A Blog by Jonathan Low


Nov 5, 2019

Brexit And the Decline Of Brand Britannia

Brands take a long time to build up and an instant to destroy. Be careful what you wish for. JL

Katie Linsell and Thomas Buckley report in Bloomberg:

Once upon a time, Brand Britannia was the poshest of soft powers. (But) the list of struggling members of Brand Britannia is long.The value of the U.K.’s most recognizable names dropped to $28.4 billion this year, from $38 billion in 2007. The advent of Brexit exacerbates the situation. Making up for lost ground is tougher amid increased competition from companies in rising economic powers in Asia. Darwinian economics engulfs the bastions of Brand Britannia. (And) the hands-off legacy has allowed many iconic companies to be turned into subsidiaries of overseas rivals.
Once upon a time, Brand Britannia was the poshest of soft powers. Many of the names in its pantheon continue to glow with prestige if not profit, including Rolls-Royce, British Airways, and Burberry. But others have faltered or fallen. Thomas Cook Group Plc once sold vacations to Winston Churchill, but on Sept. 23 it crashed under the weight of its debts. The company declared itself insolvent—and left thousands of customers stranded abroad. Their repatriation by the U.K. government was the biggest rescue of citizens since the evacuation of troops from Dunkirk in World War II.
The list of other struggling members of Brand Britannia is long. Luxury auto manufacturer Aston Martin Lagonda Global Holdings Plc is a clunker for shareholders. The company has lost about two-thirds of its market value since January and is now worth just under £1 billion ($1.23 billion). In retail, billionaire Philip Green’s Arcadia Group Ltd. has had to shutter stores, including its Topshop clothing chain in the U.S. British Steel Ltd., which provided materials for buildings such as the Petronas Towers in Kuala Lumpur and those in New York’s Hudson Yards, blamed Brexit uncertainty and high business costs as contributors to its collapse in May. The value of the U.K.’s most recognizable names dropped to $28.4 billion this year, from $38 billion in 2007, in a ranking compiled by branding consultancy Interbrand.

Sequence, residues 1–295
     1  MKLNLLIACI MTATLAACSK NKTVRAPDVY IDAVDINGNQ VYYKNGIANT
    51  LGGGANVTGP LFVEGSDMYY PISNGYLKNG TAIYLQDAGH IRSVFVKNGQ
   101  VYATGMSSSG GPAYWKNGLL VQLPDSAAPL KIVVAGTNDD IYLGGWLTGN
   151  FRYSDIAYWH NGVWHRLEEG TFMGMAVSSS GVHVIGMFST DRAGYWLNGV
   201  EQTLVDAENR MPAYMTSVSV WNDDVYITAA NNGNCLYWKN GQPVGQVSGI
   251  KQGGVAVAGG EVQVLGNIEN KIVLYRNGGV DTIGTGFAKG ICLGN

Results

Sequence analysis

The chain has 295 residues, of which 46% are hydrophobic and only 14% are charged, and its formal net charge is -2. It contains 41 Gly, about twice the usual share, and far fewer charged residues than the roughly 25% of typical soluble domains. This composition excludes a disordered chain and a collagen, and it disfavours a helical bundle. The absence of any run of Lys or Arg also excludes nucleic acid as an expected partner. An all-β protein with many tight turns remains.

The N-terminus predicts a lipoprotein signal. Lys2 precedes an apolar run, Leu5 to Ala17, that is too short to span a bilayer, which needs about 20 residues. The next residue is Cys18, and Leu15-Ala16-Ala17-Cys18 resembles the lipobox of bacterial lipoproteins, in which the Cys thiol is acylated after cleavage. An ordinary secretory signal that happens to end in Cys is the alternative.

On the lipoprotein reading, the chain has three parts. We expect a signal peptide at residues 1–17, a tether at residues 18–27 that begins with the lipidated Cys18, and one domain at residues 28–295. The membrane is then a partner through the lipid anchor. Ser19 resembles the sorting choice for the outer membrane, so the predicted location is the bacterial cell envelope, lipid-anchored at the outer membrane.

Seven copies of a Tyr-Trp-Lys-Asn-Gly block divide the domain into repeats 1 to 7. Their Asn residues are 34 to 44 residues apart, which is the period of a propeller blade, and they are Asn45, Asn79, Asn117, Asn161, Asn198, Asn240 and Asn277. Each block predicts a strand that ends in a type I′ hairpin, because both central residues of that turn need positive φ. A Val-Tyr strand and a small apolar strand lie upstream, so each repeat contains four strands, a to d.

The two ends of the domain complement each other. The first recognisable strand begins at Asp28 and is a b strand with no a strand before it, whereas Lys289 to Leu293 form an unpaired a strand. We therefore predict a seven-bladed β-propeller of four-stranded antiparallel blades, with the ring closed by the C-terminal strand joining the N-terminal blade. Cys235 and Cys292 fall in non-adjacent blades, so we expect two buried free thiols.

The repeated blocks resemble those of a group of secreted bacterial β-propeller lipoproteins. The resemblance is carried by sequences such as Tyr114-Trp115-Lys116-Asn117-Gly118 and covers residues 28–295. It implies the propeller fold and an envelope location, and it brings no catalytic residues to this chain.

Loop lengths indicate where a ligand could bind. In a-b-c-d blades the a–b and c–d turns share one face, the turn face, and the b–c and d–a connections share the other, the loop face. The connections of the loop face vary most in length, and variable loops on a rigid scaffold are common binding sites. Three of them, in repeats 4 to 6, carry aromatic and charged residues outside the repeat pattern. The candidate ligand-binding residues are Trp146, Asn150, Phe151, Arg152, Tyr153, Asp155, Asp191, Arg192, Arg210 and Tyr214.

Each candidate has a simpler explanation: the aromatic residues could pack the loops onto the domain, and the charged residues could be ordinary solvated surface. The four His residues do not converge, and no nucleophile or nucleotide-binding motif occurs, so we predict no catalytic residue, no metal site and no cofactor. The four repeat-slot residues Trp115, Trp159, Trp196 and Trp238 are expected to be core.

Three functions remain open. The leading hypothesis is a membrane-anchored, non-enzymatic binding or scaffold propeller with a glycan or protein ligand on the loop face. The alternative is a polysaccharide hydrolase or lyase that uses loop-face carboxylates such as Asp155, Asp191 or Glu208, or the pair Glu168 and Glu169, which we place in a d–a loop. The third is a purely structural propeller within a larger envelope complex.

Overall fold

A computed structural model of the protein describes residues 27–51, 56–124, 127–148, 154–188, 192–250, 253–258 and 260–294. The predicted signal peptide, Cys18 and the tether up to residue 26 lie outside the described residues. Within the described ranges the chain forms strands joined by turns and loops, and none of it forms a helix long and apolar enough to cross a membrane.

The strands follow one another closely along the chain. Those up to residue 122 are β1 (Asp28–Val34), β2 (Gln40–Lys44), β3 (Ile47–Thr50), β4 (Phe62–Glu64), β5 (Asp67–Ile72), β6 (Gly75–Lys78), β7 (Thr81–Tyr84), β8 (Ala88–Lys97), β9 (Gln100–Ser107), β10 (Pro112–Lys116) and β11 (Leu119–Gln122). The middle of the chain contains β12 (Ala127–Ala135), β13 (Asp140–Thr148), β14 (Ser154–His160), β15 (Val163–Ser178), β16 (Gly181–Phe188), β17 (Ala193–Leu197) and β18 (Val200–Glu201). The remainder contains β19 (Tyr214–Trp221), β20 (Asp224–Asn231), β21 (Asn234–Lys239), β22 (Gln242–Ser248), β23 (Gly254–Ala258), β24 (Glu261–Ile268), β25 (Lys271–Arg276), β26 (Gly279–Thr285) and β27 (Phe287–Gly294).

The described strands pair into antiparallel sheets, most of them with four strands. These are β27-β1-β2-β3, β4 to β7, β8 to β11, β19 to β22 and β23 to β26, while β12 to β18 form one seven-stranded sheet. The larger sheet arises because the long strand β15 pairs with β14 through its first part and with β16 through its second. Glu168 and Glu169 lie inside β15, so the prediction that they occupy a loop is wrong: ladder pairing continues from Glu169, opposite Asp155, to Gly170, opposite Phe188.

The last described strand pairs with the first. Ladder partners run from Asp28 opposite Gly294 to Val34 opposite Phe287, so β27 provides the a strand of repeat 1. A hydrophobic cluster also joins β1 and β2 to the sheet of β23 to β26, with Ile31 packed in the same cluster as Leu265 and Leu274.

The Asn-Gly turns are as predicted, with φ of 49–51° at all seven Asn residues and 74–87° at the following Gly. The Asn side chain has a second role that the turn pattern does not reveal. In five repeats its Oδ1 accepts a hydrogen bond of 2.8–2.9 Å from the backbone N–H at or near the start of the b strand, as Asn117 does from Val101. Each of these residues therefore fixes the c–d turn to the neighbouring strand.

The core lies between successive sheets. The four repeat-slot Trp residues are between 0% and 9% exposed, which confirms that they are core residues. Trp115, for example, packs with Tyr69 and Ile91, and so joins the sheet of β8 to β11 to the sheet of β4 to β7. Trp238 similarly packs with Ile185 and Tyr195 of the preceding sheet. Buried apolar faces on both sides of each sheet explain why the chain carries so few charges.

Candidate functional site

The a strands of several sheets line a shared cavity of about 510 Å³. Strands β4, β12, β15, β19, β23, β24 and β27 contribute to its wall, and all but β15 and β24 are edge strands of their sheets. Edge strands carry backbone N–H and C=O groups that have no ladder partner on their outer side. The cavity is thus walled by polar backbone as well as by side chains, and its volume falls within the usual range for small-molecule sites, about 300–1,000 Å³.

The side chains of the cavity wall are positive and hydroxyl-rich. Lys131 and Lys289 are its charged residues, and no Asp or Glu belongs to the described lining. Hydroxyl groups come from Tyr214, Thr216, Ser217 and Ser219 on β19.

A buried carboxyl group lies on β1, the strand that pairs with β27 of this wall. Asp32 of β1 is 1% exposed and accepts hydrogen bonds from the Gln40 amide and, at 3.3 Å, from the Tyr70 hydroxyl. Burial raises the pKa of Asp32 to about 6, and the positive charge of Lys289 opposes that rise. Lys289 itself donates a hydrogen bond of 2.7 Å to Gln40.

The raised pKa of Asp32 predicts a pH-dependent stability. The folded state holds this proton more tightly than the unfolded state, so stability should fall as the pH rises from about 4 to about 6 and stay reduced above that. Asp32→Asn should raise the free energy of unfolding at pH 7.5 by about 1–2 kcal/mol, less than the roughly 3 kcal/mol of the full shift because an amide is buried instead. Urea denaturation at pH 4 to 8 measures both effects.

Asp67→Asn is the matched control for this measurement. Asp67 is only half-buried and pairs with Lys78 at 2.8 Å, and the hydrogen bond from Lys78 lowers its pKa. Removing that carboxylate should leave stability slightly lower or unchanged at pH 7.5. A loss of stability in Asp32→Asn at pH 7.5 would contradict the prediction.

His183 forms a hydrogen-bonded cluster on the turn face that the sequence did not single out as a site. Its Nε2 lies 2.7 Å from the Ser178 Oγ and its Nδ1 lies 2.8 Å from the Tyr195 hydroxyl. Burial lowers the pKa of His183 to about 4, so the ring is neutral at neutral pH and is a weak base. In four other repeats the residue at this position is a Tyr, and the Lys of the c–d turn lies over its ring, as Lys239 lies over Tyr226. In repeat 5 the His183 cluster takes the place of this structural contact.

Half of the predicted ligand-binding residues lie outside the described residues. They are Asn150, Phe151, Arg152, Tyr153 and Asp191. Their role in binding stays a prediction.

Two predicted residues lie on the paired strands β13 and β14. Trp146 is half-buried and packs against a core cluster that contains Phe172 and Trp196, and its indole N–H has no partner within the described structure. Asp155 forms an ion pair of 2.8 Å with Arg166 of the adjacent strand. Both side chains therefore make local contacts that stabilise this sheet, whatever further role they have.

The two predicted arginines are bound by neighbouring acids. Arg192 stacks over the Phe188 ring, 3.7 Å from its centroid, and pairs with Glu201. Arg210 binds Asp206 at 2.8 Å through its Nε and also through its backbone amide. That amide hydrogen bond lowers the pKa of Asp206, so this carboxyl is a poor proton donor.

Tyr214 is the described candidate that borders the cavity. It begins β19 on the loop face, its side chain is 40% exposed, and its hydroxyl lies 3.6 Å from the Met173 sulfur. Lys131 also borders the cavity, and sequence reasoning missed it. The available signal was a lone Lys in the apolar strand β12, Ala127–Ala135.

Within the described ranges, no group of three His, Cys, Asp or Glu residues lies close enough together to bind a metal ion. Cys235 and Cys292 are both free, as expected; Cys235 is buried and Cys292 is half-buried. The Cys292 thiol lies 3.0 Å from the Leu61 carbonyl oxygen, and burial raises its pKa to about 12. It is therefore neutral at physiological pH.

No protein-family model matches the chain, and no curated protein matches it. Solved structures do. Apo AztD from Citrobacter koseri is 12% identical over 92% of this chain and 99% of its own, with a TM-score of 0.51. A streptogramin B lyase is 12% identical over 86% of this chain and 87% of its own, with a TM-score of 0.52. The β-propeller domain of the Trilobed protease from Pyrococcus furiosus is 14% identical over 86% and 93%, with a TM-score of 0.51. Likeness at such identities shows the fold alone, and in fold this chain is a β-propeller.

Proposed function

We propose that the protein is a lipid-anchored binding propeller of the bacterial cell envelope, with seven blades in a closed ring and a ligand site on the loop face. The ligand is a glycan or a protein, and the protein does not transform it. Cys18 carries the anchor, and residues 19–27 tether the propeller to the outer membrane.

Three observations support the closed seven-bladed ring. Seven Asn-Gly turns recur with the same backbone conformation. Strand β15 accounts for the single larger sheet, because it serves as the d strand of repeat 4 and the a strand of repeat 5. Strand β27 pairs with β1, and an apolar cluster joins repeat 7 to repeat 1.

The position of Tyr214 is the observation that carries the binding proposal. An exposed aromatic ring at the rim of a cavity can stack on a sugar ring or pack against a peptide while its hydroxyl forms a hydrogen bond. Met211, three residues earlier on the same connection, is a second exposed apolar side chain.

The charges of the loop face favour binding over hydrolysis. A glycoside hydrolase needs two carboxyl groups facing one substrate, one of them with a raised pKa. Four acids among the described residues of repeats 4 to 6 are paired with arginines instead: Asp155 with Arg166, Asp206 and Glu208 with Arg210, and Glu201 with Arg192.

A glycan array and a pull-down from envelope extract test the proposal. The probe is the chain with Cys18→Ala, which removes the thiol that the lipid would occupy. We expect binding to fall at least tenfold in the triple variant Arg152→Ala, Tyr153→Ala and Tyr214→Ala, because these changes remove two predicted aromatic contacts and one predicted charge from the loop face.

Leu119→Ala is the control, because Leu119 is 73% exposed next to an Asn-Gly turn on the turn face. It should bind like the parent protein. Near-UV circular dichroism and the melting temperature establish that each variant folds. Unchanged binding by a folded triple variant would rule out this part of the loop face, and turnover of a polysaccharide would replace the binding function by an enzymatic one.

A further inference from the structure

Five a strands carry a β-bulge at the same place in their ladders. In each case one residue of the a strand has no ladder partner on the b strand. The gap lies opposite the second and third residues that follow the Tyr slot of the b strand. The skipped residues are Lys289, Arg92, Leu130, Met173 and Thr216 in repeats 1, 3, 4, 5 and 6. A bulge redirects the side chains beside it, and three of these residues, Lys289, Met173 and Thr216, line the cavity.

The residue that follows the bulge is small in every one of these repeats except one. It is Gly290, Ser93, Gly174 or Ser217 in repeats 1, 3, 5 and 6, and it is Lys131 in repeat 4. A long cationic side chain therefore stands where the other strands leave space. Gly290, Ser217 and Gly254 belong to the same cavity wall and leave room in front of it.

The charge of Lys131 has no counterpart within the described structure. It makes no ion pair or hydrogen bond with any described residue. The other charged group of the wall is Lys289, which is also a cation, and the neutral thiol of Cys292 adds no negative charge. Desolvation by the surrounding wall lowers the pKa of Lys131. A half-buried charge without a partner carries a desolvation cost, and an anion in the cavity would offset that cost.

The advent of Brexit—the most severe test of the U.K. economy in decades—exacerbates the situation. But the problems predate the 2016 referendum results that propelled the divorce from the European Union. “Business conditions for U.K. companies are the weakest in about seven to eight years,” says Suren Thiru, head of economics at the British Chambers of Commerce. “Some of that is Brexit, but there are other factors as well, like a weakening global backdrop and domestic cost pressures.” And a particularly British brand of Darwinian finance and commerce makes everything harder for even the brightest brands.
Aston Martin, for one, is navigating the risk of a no-deal Brexit and possible U.S. tariffs as the debt-laden carmaker burns through cash. As it struggles, the company’s lenders are demanding credit card-like interest of 12% for providing new funds, and S&P Global Ratings cut Aston Martin’s credit grade to a level described as “currently vulnerable.” The company is betting on the upcoming launch of its first SUV to boost cash. Aston Martin declined to comment.
House of Fraser and Debenhams, once popular department stores with shops on London’s famous Oxford Street, have had to be rescued by investors. They’re victims of the decline of brick-and-mortar retailers in the U.K. as consumers turn to online shopping. The shift has already claimed British Home Stores—which saw all its department stores closed in 2016 after 88 years in business—and the almost century-old entertainment retailer HMV, which declared bankruptcy at the end of 2018 and was bought by a Canadian company earlier this year.

A British brand needn’t be high-end to succumb to market and financial pressures. PizzaExpress Ltd., the 54-year-old chain that’s ubiquitous in every urban zone in the U.K., is preparing to start debt talks with its creditors as an ambitious expansion into China weighs on its cash flow. Its competitor Prezzo closed 94 restaurants last year. Meanwhile, celebrity chef Jamie Oliver’s chain of restaurants  filed for insolvency in May. A spokesman for PizzaExpress declined to comment.